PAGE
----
DCN



#12 Ivanhoe

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Posted 14 June 2022 - 13:56

Don't know about the history, but there's a shitbox rally twice a year since 2010 in Australia, so maybe there's some alternative future use for the W13. It's a charity event (funding cancer research projects), so for a good cause also  :up:

 

271446750-5061645567182015-7317862429631



#13 SophieB

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Posted 14 June 2022 - 15:15

I recall my eight years older brother using the expression in the late 1950s - '57 or '58 - as a cheerful description of his Rover Hastings Coupe, I think a 20.  It was a startling looking thing with enormous headlights and it had been brush-painted in two-tone yellow and black.  It also had a long length of 4-inch council drainpipe as its exhaust.  If I close my eyes and think back I can still sense the leathery/fumey smell of its care-worn cabin interior...  In retrospect it was indeed a gem.  But it was still a ----box.

 

DCN

I am grateful for all the replies but this is EXACTLY the sort of response I was hoping for.



#14 DogEarred

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Posted 14 June 2022 - 16:14

My first car was an old Mini.

It needed some rear brake work.

I jacked it up by the rear sub frame.
The jack promptly punctured the sub frame and the whole car slowly sank back down on the ground.

Does this qualify?…

#15 Jim Thurman

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Posted 14 June 2022 - 16:47

Hard to say exactly when it started, but there is evidence that U.S. sprint car racers used the term by the late 1950s to early 1960s. Any idea, Michael?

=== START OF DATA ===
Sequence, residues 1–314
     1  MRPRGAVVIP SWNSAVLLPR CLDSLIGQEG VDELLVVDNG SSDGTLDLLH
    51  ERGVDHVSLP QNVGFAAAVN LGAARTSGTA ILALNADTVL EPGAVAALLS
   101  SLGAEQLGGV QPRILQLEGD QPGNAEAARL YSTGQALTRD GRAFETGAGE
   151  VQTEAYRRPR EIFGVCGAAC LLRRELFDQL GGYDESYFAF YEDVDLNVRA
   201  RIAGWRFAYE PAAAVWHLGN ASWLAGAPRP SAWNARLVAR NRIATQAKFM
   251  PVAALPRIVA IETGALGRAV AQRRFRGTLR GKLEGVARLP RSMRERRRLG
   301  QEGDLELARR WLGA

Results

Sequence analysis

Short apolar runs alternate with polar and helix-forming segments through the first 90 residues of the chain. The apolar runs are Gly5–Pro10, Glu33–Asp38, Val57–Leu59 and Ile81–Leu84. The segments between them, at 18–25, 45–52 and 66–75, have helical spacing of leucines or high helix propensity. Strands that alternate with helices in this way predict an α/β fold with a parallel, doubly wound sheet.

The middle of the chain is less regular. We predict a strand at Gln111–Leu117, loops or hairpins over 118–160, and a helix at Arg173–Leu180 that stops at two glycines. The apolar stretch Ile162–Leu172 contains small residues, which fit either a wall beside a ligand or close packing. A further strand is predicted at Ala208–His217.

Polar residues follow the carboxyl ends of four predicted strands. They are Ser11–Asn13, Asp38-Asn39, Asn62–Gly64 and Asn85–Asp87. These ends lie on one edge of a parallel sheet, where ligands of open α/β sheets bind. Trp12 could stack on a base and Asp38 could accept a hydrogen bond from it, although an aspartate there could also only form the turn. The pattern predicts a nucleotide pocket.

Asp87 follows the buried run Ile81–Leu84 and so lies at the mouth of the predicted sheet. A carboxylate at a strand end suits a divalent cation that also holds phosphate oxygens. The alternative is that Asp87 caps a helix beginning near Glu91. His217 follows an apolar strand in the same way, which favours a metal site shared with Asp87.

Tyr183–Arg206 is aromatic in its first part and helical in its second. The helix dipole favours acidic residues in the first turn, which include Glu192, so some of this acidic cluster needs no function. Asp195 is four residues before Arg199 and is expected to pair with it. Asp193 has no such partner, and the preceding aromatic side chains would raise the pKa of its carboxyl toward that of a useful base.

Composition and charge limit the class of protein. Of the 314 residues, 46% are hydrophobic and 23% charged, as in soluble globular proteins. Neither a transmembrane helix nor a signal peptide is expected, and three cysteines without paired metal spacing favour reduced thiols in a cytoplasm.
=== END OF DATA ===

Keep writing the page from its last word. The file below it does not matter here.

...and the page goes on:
#16 Michael Ferner

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Posted 14 June 2022 - 17:30

Quite possible, Jim, but I don't recall coming by that word in my research (which is mostly through old newspapers, so no surprise there).

 

I'm also slightly miffed that, as soon as I stand up for the community and defend our collective yooffulness, someone comes up and proves that we are, indeed, old farts...  :well:

 

 

 ;)  Not!


Edited by Michael Ferner, 14 June 2022 - 17:31.


#17 SophieB

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Posted 14 June 2022 - 17:57

Lean into it, I say. I for one hope one day to be telling wide eyed youngsters all about the thrilling exploits of Alonso et al!



#18 Risil

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Posted 14 June 2022 - 18:38

Lean into it, I say. I for one hope one day to be telling wide eyed youngsters all about the thrilling exploits of Alonso et al!

 

The kids will find it strange that you're fondly nostalgizing about McLaren's new signing (for the fifth time).



#19 garoidb

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Posted 14 June 2022 - 18:56

The kids will find it strange that you're fondly nostalgizing about McLaren's new signing (for the fifth time).

 

... straight from the young driver programme!



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#20 chr1s

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Posted 14 June 2022 - 21:36